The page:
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December 14, 1961


Appeals, Nos. 57 and 58, April T., 1961, from orders of Court of Common Pleas of Washington County, Feb. T., 1960, Nos. 185 and 306, in case of Thelma Stollar et al. v. The Continental Can Company, Inc., and Shirley Mae Blouir et al. v. Same. Orders affirmed.


George B. Stegenga, for appellant.

Charles C. Hewitt, with him James B. Hecht, Barron P. McCune, and Thorp, Reed & Armstrong and McCune & Greenlee, for appellee.

Before Ervin, Wright, Woodside, Watkins, Montgomery, and Flood, JJ. (rhodes, P.j., absent).

[ 197 Pa. Super. Page 16]


The orders of the Court of Common Pleas of Washington County are affirmed on the opinion of Judge DAVID H. WEINER for the court below, reported at 23 Pa. D. & C.2d 463.


The court below, in its opinion, sustained a preliminary objection in the nature of a demurrer and entered judgment in favor of the defendant employer; and gave as its reasons therefor the fact that the plaintiffs, being members of the Glass Bottle Blowers Association of the United States and Canada, through collective bargaining entered into a contract with the defendant employer and thereby waived their claims and rights under the Act of July 7, 1947, P.L. 1401, §§ 1-7, 43 P.S. 335.1 et seq.

The purpose of this Act as set forth in its title is to prohibit discrimination in rate of pay because of sex. In section 4(a) of the Act, it is specifically provided that any agreement between the employer and an employe to work for less than the wage to which such employe is entitled under this Act shall be no defense to such action.

Section 4(c) of the Act reads as follows:

"Any employee may directly or through his attorney, agent or collective bargaining representative

[ 197 Pa. Super. Page 17]

    waive, compromise, adjust, settle or release any claim which such employee may have under this act, either before or after commencement of suit thereon, and a waiver, compromise adjustment, settlement or release of any such claim by such employee or his attorney, agent or collective bargaining representative shall be a complete satisfaction of such claim and a complete bar to any action based on such claim."

The court below construed section 4(c) to mean that any time that a collective bargaining agreement is in effect between the employes and the employer, which agreement provides a wage differential based on sex, that this must of necessity constitute a waiver within the meaning of section 4(c). Such a construction creates an inconsistency between sections 4(a) and 4(c).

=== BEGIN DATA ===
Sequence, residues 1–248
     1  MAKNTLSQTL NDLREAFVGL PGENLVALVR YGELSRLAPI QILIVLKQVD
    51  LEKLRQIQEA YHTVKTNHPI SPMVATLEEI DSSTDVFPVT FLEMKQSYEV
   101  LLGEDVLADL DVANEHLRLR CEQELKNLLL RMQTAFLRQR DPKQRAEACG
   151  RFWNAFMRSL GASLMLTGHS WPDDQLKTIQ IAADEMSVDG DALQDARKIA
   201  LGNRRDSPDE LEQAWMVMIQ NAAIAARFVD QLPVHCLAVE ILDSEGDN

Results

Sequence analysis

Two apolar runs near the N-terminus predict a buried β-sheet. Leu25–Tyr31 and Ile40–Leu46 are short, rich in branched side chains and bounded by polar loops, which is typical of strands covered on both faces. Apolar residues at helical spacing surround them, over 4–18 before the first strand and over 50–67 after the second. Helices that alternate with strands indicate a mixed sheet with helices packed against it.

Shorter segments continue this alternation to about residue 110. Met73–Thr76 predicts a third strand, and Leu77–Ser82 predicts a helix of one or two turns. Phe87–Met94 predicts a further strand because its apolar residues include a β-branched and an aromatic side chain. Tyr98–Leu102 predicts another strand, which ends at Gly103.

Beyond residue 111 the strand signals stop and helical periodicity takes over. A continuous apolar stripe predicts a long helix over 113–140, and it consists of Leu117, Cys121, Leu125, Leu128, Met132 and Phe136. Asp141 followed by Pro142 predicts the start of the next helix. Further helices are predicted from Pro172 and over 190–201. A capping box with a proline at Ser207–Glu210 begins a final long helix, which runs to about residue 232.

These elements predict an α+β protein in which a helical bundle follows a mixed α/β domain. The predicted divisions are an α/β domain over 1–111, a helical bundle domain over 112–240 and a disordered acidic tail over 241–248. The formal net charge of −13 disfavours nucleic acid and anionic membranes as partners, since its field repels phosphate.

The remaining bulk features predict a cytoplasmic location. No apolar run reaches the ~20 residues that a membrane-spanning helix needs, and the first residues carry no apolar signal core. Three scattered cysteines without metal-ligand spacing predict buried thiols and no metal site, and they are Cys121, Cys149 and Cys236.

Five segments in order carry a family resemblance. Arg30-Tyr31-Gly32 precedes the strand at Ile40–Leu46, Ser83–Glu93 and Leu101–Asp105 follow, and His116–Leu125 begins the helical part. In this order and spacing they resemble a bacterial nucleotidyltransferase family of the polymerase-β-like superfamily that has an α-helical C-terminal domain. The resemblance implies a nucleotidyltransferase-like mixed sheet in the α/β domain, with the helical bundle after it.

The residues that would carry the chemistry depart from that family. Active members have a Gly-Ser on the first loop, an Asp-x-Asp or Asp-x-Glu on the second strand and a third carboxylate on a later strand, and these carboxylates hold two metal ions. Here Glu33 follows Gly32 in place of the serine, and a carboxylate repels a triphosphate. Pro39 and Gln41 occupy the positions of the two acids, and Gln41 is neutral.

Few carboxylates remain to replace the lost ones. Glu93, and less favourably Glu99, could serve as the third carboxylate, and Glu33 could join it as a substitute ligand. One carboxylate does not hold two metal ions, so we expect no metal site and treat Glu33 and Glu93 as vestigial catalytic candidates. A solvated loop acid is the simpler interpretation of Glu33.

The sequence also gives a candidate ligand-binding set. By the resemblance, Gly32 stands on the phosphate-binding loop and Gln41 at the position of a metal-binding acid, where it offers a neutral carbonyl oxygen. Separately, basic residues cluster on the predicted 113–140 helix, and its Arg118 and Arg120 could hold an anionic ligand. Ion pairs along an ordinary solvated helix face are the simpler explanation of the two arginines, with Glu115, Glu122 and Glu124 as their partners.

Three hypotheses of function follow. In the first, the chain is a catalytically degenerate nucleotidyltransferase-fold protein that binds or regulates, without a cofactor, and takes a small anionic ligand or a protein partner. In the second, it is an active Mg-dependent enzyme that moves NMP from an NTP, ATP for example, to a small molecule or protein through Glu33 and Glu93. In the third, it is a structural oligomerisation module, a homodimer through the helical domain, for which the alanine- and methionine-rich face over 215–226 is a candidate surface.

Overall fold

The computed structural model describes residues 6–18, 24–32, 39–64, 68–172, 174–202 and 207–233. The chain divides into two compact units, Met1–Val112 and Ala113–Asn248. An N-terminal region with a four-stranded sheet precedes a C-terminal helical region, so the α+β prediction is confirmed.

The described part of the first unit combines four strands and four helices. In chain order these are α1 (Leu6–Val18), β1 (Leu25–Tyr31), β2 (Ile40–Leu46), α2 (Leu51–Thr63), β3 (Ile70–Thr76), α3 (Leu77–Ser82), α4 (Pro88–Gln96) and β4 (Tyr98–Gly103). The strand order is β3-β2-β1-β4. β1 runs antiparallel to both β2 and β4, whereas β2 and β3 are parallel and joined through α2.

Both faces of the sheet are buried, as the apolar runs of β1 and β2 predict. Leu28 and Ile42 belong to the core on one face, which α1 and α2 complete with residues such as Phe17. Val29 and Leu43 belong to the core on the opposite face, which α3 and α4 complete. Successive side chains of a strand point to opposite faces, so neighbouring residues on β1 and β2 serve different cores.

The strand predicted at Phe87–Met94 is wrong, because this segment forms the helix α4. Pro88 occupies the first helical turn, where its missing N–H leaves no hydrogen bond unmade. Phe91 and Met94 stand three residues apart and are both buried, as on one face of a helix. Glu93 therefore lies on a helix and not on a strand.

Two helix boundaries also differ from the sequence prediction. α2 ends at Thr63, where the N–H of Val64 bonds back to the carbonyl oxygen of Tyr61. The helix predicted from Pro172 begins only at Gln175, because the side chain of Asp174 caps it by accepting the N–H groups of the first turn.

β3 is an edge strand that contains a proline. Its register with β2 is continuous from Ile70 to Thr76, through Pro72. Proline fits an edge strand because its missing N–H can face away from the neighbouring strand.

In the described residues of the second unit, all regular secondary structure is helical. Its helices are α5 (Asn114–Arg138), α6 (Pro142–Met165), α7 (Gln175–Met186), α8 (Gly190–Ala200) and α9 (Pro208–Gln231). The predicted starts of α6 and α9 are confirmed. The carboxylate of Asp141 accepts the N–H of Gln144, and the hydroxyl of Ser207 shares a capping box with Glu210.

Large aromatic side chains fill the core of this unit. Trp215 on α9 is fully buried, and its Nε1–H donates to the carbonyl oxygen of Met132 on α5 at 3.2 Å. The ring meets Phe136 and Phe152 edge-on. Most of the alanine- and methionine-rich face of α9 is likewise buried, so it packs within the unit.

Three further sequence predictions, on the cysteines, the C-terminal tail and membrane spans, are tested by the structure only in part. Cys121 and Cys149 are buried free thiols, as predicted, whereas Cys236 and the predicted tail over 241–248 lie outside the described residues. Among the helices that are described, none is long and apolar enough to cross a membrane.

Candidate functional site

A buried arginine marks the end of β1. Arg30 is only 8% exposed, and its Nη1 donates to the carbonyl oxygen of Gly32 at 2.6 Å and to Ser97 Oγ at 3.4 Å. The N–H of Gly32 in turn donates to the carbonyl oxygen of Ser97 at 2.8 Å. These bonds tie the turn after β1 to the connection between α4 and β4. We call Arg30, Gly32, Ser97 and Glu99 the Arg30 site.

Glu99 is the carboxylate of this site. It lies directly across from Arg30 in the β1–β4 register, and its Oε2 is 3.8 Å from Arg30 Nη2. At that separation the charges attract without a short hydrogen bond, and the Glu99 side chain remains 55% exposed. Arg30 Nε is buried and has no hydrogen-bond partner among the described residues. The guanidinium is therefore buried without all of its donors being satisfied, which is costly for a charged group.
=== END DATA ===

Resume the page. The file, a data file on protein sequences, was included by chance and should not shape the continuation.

The Statutory Construction Act, Act of May 28, 1937, P.L. 1019, art. IV, § 51, 46 P.S. 551, states in part:

"The object of all interpretation and construction of laws is to ascertain and effectuate the intention of the Legislature. Every law shall be construed, if possible, to give effect to all its provisions. ..."

To fail to give effect to all of the provisions of a statute or to give them an unreasonable or absurd construction violates the fundamental rules of statutory interpretation. Sherwood v. Elgart, 383 Pa. 110, 117 A.2d 899. The legislature may be assumed to have intended the entire statute to be effective and certain. Every law must be construed, if possible, to give effect to all of its provisions. Sterling v. Philadelphia, 378 Pa. 538, 106 A.2d 793; Lemoyne Borough Annexation Case, 176 Pa. Superior Ct. 38, 107 A.2d 149.

Here consistent meaning can be given to both sections. The lower court assumes that the contract between the defendant employer and the members of the union is a waiver ab initio of the provision of the statute

[ 197 Pa. Super. Page 18]

    and that such waiver is a defense to any action as provided in section 4(c). However, the waiver referred to by the legislature must be construed to mean the waiver of a claim arising under the agreement. The agreement itself is the basis of liability of the employer to the employe, as it is in direct violation of the statute and as stated by the legislature it cannot of itself constitute a defense.

Under section 4(c) the legislature has provided that after a claim has arisen under the Act, an employe or his representative can then waive or settle such claim and this subsequent agreement of waiver or settlement between the employer and the employe would be a bar to further claim or litigation.

Consequently the provisions of the Act are not in conflict and the lower court erred in its conclusion that section 4(a) must yield to section 4(c), thereby in effect abrogating the plainly stated intention of the legislature. To hold otherwise would render the entire Act ineffectual in that the employer and the employe or his representative could bargain away the statutory prohibition of discrimination because of sex.

It is my opinion that the lower court erred in its construction of the statute and should be reversed. Therefore I respectfully dissent from the majority of this Court in affirming its decision.

FLOOD, J., joins in this dissent.


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